• by fufufang (2603203)

      If you really want, I am pretty sure you can run Matlab/Mathematica on a Windows 8 x86 tablet. (not that I am recommending Windows 8)

    • Re:No. (Score:4, Insightful)

      by marcovje (205102) on Friday November 30, 2012 @07:33AM (#42140181)

      Do 1 year with a battery.

    • by mwvdlee (775178)

      A dedicated keyboard.

    • What do these devices have that couldn't be implemented as an app on a general purpose smartphone or tablet?

      Aside from non-technical advantages (e.g., being allowed to use particular ones in exames), in general for graphing (and just plain scientific, engineering, or financial) calculators, a big plus is a physical keyboard optimized for the particular use. That's actually a weak point of this new Casio device (which seems to have very few keys other than the numeric keys), so I doubt it will catch on, bu

  • There is still people using desk calculator!
    • Of course there are. They're faster to get certain things done. It's like being surprised that there are applications like Irfanview or Textpad when Photoshop and Word exist.

      I have a 48GX, which has several custom written solvers that are core to my work. I also have a Calculated Industries Construction Master. There are very few applications which readily perform functions on feet/inches/fractions as quickly and easily as the CM. (though, I'll admit that if I didn't already own one, I'd probably have bough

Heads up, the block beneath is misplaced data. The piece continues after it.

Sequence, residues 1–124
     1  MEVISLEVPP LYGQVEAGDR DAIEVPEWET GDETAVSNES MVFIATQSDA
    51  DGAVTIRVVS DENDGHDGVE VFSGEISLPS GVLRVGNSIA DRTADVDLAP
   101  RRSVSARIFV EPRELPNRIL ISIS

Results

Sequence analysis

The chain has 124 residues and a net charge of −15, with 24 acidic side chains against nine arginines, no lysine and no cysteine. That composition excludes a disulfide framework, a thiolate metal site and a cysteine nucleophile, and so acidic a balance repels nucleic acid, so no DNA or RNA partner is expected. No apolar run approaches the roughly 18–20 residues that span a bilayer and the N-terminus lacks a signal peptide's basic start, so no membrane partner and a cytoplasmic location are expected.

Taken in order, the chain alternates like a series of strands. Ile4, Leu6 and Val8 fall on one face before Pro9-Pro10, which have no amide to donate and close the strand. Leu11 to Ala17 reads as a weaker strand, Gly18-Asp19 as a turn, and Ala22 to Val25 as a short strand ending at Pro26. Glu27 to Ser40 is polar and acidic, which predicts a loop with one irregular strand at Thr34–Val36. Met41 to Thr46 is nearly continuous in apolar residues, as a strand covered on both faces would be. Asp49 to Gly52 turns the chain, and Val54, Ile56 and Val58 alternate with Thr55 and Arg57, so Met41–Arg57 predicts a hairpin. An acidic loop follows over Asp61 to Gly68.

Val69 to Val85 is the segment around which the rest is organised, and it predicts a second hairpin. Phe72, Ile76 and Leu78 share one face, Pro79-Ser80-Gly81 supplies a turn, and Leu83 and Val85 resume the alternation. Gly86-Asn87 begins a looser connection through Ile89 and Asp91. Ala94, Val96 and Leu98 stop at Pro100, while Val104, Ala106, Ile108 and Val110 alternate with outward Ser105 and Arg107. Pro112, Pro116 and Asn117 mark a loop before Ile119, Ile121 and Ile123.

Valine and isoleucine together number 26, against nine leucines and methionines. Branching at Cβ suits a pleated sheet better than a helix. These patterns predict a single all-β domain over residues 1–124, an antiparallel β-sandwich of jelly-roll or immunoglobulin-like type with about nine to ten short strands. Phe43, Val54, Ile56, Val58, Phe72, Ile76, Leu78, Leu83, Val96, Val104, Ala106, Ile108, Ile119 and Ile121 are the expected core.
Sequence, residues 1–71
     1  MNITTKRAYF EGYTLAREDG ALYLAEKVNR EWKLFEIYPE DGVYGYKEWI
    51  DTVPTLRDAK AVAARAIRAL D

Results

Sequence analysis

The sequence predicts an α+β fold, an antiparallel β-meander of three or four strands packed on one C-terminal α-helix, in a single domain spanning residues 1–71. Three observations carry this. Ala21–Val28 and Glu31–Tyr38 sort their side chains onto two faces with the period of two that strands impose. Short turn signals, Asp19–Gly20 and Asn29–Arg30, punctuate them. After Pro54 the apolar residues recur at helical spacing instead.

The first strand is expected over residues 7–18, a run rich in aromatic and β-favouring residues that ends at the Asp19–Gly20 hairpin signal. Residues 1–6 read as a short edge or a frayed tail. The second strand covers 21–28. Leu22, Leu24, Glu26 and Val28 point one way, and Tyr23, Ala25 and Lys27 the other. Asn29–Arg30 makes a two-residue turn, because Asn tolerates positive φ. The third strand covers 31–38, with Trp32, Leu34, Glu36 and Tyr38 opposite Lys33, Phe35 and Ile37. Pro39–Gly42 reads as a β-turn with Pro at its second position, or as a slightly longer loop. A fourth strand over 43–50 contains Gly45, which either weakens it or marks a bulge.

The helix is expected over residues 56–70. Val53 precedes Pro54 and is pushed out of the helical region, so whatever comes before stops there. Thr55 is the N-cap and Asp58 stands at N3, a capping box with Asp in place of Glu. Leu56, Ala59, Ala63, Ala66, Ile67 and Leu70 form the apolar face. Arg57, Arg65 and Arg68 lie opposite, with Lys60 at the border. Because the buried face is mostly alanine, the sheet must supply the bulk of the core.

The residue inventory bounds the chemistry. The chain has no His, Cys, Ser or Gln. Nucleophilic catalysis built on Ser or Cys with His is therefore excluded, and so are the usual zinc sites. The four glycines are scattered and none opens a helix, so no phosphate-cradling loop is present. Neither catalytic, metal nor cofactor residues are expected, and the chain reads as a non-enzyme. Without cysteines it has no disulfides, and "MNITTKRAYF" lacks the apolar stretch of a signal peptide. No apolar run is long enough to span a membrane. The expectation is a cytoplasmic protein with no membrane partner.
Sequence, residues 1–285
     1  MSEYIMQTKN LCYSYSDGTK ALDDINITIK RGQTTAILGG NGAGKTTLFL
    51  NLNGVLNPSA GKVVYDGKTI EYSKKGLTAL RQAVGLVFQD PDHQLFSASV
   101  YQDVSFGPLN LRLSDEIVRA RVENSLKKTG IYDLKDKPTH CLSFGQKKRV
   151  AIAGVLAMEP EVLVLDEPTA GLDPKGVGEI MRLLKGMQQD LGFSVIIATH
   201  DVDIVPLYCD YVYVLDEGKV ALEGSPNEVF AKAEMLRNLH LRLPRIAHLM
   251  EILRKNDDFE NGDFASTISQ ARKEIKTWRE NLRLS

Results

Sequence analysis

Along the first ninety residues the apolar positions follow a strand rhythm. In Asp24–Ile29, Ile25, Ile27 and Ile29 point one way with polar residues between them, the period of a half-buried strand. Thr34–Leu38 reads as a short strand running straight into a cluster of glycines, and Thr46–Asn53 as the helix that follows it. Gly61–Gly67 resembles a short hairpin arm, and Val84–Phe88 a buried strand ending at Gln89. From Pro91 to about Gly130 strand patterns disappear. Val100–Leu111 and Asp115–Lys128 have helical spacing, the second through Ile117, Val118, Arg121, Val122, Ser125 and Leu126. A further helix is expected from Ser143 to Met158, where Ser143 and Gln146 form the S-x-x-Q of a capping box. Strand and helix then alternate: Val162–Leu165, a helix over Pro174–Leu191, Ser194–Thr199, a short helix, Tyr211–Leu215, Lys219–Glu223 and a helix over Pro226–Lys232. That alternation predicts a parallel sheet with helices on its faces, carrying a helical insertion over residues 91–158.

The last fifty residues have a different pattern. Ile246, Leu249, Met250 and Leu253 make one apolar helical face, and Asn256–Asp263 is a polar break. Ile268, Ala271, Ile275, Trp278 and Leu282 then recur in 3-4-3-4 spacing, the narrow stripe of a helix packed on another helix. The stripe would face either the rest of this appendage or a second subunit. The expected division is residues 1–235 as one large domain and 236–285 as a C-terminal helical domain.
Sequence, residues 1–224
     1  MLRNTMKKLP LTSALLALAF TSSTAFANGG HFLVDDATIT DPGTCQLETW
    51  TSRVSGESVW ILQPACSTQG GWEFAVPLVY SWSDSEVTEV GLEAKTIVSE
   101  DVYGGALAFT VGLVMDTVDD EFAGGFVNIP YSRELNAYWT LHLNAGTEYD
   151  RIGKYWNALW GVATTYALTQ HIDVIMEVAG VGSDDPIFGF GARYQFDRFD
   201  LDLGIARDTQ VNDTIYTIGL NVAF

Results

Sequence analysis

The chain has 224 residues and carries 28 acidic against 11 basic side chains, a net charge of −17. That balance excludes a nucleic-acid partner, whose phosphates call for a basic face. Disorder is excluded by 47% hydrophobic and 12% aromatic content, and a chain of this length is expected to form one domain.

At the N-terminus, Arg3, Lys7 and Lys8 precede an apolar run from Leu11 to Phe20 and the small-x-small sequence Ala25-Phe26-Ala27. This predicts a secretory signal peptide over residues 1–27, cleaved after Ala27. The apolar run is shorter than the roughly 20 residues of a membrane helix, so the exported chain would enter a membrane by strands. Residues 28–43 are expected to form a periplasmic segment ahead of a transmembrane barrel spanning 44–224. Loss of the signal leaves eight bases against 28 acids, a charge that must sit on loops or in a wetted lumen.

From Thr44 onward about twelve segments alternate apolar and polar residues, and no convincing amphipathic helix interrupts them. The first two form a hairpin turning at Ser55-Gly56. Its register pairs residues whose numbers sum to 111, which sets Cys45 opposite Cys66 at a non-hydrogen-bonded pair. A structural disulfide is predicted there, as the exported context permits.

• by aglider (2435074)
        I'm not against that. Just surprised!
        Of course I bet those devices are banned from math exams and the likes ...
  • by runeghost (2509522) on Friday November 30, 2012 @06:47AM (#42139959)

    I'm still confused as to why I'd ever want to replace my HP 48GX.

  • by kuiken (115647)

    Do these support RPN, I am still using my old HP 32SII and while I have been looking for an upgrade no RPN is a deal breaker.
    I just can not get used anymore to a 'normal' calculator

    • AFAIK it's just the HPs that have RPN. No other calculator I've seen has it. I have an HP 49 which I'm quite happy with, though I seldom use it these days, unless I don't feel like switching my computer on for a few quick calculations.
      • A bit off topic, but why do you have your computer off at all? I mean I can see using a calculator in some situations, but I am a little surprised people still turn their computers off.